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The "Standard of Ur" from ancient Mesopotamia

The "Standard of Ur" from ancient Mesopotamia

15 April 2015

Guest post: Can a working-class hero work in romance?


Today I welcome journalist and fiction writer Jessica Cale, who bucked the trend for titled heroes in romance novels and explains the appeal of her hero, Mark Virtue.



Falling in Love With a Working-Class Hero

by Jessica Cale



With so many dukes and earls populating the pages of historical romantic fiction, you might wonder why I chose to pull my hero from the working class. Because dukes have the money, the education, and the endless supply of bespoke suits, working-class men often get overlooked, and that is a dreadful shame.

Why? Money and position aren’t everything. Lord knows overcoming obstacles is harder when your resources are limited, but your wits get sharper when you’re forced to live by them. Besides, there’s nothing sexy about a man who can’t feed or dress himself without the help of servants.

Helpless is not a word commonly used to describe my character Mark Virtue.

There’s a lot to love about Mark. After spending the uncertain years after the Great Fire of London robbing coaches as a highwayman, he’s decided it’s time to settle down and take his place as Southwark’s Master Carpenter in truth instead of using the business as a front for his less reputable activities. Two stints in Newgate are enough for any man, after all, and Mark doesn’t fancy going back. Not as long as the warden fancies him as much as she does…

Mark’s life hasn’t been easy. He may have grown up in a posh house in St. James, but that doesn’t mean he’s anything other than thoroughly common. His father may have been a war hero, but he ran a stable first, and it was only through his mother’s second marriage that he was able to get his apprenticeship at all. Years of back-breaking labor sculpted that body of his as he built houses—and coffins—for his impoverished neighbors, often at his own expense. He’s been poor and he’s gone hungry, but Mark takes his duty to his community very seriously because he knows that although they may all be in the gutter, they’re in it together.

That’s not to say he’d ever complain. He appreciates what he has and he loves the life he leads. He’s smart, he’s resourceful, and he’s down to earth. He’s an independent, self-made man, and he’s not looking for a housekeeper or a trophy, he just wants a girl.

Jessica Cale
One girl in particular.

Mark has always been popular with girls; just ask the Henshawe sisters down at The Rose & Crown. Meg’s decided he’s hers now, but Mark only has eyes for Jane. Jane the actress. Jane the seamstress. Lady Jane Ramsey, the bloody bane of his existence, whose wicked smile and steel-gray eyes haunt his dreams. As the daughter of an earl and an heiress besides, they were never meant to inhabit the same world. Their only night together? A fluke. Jane could no more live a day in Southwark than he could fit in at Court, and he wouldn’t want her to.

Would he?

You can meet Mark in Tyburn and read his story in Virtue’s Lady, out now.

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Jessica Cale is a historical romance author and journalist based in North Carolina. Originally from Minnesota, she lived in Wales for several years, where she earned a B.A. in history and an M.F.A. in creative writing while climbing castles and photographing mines for history magazines. She kidnapped (“married”) her very own British prince (close enough) and is enjoying her happily ever after with him in a place where no one understands his accent.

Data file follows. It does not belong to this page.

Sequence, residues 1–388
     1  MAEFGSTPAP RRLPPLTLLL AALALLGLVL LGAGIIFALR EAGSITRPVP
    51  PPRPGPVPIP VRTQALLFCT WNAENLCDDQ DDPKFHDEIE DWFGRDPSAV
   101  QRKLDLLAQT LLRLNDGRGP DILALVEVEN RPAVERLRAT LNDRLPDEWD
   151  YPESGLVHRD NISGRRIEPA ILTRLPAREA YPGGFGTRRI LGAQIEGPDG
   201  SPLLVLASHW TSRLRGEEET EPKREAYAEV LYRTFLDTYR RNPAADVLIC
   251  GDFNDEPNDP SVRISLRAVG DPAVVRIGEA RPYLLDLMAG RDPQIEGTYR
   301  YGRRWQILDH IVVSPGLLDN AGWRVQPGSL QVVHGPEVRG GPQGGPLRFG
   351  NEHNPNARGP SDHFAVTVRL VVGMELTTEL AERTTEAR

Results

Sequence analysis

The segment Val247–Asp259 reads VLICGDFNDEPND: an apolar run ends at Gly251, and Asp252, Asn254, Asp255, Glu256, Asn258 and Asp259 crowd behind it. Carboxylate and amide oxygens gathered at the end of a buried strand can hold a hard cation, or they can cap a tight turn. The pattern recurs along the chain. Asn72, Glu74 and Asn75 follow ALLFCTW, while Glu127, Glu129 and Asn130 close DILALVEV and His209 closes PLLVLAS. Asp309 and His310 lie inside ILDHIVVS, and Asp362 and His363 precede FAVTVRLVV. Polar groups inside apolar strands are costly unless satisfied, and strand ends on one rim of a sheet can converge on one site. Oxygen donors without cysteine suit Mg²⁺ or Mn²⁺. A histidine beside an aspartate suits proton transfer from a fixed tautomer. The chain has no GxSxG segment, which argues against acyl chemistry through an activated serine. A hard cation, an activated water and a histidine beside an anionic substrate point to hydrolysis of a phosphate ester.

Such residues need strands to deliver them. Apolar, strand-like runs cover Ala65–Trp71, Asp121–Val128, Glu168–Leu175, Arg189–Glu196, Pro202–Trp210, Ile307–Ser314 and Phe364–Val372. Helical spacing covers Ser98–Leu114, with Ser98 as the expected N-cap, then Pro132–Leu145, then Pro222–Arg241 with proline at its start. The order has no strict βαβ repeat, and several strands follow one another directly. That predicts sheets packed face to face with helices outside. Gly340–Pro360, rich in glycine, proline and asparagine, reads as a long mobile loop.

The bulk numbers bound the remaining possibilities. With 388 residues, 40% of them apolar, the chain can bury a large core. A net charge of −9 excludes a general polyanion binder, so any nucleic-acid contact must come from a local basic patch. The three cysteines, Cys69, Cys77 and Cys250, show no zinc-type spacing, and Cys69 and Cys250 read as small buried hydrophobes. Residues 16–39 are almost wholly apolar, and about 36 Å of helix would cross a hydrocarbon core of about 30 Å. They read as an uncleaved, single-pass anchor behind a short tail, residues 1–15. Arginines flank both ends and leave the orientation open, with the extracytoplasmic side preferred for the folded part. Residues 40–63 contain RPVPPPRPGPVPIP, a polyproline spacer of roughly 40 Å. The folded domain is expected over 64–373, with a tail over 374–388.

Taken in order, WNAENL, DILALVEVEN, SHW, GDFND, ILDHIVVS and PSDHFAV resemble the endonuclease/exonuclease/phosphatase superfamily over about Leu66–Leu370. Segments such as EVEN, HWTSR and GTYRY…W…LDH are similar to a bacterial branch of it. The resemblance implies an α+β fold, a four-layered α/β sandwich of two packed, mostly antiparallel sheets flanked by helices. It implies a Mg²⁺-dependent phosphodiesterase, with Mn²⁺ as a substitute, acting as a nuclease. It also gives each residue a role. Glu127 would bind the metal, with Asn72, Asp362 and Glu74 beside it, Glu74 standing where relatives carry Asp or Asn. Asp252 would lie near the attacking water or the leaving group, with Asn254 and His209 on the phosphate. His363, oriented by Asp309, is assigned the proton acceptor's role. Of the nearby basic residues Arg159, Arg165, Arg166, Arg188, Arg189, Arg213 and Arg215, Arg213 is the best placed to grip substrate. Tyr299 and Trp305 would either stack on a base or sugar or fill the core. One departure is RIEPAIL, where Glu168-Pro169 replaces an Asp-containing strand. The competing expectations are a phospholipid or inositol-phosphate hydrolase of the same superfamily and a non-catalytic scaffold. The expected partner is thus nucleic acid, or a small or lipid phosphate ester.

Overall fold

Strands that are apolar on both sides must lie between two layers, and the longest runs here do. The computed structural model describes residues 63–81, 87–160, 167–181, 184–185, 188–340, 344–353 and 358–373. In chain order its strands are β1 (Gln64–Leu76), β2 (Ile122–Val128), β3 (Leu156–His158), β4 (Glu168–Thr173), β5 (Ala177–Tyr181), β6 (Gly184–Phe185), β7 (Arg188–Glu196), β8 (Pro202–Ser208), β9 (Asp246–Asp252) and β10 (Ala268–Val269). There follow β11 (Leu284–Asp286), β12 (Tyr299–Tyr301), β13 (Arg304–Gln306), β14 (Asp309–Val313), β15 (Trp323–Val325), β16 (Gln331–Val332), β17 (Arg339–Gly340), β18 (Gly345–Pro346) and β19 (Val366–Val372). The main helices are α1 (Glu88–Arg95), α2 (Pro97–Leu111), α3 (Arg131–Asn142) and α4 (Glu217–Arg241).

You can visit her at http://www.authorjessicacale.com. Her first novel, Tyburn, won the Gayle Wilson Award of Excellence in the Historical Category for 2015. You can find both Tyburn and Virtue’s Lady here.

4 comments:

Charles Gramlich said...

Beautiful cover. Love those blues.

Jessica Cale said...

Thank you! The artist did a great job. :-)

Shauna Roberts said...

CHARLES, I agree! What a wonderful blue.

JESSICA, thanks again for your guest post. After thinking about your post, I realized that the working-class traits that make your historical hero a hero are the same traits that appeal to women in contemporary romances about cowboys, police, firemen, military men, and men in other such jobs. I wonder why the difference? The much lower standard of living of working-class people in the past? Do you have an opinion?

Jessica Cale said...

You're absolutely right! So many of the traits are those that are seen as ideal today (in contemporary romance and real life), but I think people have a hard time imagining the lower classes in history, just because there's not so much written about them. Even in school, you get given this view of peasants or serfs as a single entity with a collective consciousness, and that's just bizarre to me. I think the preference for wealthy and titled heroes in historicals is mainly just an extension of the contemporary hero archetypes romances have been relying on for years -- the millionaire, the billionaire, the Prince, Sheikh, rich boss, etc -- that are more about wish-fulfillment. That's fine, and there's a place for that, but I don't want to see the poor or the marginalized left out of history OR romance.

The trouble is that they really have been. It's harder to research the lower classes, and it can be incredibly depressing, especially when you get into mortality rates. The standard of living was a lot lower, but in this series, I'm trying to show that that's not without its romance. What's more romantic than a man giving someone literally everything he has?

I would love to see more diverse heroes in historical romance. Just because you mainly read about the great and the wealthy in history books, doesn't mean the others weren't there. They had dreams, loves, and opinions of their own, so I think they should have their own adventures, too.